CARTILAGE RESEARCH GROUP
Members of the Research Team: Sally Roberts, Karina Wright, Claire Mennan, Jan Herman Kuiper, Helen McCarthy, Johanna Wales, Charlotte Hulme, Sharon Owen, John Garcia, Mike Williams, Barbara Linklater-Jones, Paul Harrison, Nikki Kuiper and PhD students, Jade Perry, Tim Hopkins, Jingsong Wang (Kobe), Jessica Sykes and Angus Armstrong-Twigg (Cardiff).
Clinical Support: Messrs Peter Gallacher, Paul Jermin, Drs Bernhard Tins, Andrea Bailey, Professor Iain McCall and all surgeons in RJAH
Scientists based in the Leopold Muller Arthritis Research Centre and TORCH laboratories continue the long history of the RJAH Orthopaedic Hospital seeking to understand joint disorders and ways of treating them. The group has continued over the last 12 months focussing on particular areas such as chemical assays of ‘biomarkers’, growing cells in the laboratory and seeing how we can influence their behaviour and different aspects related to cell therapy. We are very fortunate in RJAH to be able to work closely with clinicians and surgeons who themselves are often very interested in research. Much of the work involves analysing material from patients undergoing surgery which is being removed (eg an arthritic knee joint) and would otherwise be thrown in the bin. If patients are happy to allow us and the work is approved by a Research Ethics Committee, then we can put this ‘surgical waste’ to good use. For example, biomarker studies can help unravel different chemical pathways involved in diseases and also to in see if sub-groups of patients can be identified who may suit a certain treatment more than others. The cell therapy work includes researching if we can produce ‘off-the-shelf’ cell products which could be much easier for the patient and surgeon to use, as well as being cheaper that growing patients’ own cells in the laboratory as happens now.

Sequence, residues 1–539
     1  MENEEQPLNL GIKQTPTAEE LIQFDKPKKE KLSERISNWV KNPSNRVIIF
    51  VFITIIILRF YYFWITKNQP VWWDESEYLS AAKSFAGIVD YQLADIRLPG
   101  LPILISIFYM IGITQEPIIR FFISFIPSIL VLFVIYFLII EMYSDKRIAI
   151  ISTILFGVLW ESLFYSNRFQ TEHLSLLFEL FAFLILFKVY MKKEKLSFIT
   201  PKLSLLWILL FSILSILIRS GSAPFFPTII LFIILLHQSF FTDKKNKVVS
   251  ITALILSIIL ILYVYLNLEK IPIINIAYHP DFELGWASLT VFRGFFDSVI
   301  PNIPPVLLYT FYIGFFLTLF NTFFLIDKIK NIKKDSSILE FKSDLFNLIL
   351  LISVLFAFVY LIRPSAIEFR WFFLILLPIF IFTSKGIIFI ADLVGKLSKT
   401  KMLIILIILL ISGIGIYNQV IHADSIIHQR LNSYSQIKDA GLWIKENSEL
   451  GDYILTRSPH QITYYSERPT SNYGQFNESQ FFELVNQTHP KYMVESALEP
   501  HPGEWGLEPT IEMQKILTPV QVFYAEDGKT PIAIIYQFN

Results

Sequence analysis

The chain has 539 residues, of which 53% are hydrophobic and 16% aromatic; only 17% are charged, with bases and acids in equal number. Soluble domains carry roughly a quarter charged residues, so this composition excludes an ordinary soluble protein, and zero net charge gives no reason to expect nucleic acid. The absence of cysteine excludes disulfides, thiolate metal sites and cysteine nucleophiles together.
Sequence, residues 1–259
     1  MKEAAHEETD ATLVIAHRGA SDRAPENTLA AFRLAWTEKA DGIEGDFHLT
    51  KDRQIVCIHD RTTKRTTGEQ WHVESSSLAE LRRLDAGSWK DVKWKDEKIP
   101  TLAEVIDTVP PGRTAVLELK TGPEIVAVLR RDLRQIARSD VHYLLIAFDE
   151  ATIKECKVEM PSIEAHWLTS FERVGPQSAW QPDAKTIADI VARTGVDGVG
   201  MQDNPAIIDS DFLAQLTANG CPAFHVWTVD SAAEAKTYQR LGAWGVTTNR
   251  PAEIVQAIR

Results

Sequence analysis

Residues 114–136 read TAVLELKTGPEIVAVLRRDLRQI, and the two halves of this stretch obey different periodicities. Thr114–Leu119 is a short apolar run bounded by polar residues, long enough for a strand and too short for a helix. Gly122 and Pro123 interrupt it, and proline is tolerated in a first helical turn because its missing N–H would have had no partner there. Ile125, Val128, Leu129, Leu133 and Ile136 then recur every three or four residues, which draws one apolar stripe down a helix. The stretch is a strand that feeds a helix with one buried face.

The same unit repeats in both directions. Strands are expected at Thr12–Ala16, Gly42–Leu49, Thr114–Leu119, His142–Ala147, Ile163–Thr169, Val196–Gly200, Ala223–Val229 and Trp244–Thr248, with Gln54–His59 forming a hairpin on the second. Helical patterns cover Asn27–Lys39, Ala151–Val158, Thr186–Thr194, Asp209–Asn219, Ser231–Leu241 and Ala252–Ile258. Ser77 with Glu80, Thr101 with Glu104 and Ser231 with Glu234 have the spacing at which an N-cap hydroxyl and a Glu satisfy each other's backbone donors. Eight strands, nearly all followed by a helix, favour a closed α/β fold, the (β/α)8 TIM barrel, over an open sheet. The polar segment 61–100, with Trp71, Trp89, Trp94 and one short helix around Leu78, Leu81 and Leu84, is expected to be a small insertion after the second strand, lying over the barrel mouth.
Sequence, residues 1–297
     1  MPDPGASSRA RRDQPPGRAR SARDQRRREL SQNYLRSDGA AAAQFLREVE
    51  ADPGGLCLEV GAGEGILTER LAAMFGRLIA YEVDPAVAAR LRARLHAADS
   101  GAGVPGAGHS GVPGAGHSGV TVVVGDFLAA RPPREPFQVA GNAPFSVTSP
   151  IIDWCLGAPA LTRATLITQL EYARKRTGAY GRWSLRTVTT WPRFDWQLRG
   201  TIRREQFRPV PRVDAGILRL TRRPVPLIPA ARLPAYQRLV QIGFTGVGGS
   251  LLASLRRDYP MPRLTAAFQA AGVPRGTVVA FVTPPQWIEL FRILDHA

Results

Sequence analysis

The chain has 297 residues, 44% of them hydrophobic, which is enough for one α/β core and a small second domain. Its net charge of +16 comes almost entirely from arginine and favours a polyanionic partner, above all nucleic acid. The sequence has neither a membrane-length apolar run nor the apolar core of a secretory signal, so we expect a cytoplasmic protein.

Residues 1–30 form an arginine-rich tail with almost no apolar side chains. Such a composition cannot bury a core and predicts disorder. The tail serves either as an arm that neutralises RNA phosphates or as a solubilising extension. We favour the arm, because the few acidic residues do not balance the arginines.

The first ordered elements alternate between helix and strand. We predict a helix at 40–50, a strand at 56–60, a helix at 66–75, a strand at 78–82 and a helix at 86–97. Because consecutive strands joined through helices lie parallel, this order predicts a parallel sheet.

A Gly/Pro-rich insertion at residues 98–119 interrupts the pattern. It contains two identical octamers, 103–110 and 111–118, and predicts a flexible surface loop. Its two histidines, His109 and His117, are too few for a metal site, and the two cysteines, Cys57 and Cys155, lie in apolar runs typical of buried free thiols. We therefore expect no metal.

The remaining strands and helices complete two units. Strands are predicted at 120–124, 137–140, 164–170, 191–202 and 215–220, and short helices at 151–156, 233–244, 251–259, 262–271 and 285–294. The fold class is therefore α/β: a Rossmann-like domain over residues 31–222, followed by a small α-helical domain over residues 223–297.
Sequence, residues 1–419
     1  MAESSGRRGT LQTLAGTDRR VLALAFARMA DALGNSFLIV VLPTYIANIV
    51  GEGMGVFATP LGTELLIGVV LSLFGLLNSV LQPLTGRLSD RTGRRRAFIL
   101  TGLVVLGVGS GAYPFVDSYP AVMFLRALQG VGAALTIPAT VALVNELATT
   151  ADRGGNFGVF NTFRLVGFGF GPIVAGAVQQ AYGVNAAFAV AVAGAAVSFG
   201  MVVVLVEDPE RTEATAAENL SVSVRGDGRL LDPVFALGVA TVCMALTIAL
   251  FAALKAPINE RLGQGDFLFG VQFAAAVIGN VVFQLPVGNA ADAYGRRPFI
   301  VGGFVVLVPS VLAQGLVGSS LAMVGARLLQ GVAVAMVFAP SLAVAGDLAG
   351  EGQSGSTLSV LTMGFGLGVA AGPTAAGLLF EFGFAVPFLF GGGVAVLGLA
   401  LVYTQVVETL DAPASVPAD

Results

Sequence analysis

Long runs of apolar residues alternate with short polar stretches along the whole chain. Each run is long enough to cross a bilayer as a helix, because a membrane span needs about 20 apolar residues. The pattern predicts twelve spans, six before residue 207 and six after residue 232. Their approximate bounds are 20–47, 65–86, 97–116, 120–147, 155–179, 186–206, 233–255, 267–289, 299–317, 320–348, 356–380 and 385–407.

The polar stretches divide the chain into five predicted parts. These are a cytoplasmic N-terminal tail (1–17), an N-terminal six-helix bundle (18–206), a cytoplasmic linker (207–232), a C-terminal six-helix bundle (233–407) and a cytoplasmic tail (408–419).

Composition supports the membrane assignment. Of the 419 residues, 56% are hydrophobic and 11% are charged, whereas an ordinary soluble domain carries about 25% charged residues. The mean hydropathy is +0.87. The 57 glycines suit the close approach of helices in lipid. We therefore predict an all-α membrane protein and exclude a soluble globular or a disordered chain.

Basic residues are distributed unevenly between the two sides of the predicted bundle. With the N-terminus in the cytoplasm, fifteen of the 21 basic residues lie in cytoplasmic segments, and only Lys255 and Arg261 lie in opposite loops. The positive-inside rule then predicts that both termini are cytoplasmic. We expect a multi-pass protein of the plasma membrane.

Most research is funded by grant applications, for example, from the Medical Research council or charities such as Versus Arthritis. We are however very grateful to the Orthopaedic Institute as the large grant-giving bodies usually require preliminary data, and the projects that the Institute fund are wonderful for obtaining this and help to get the larger grants.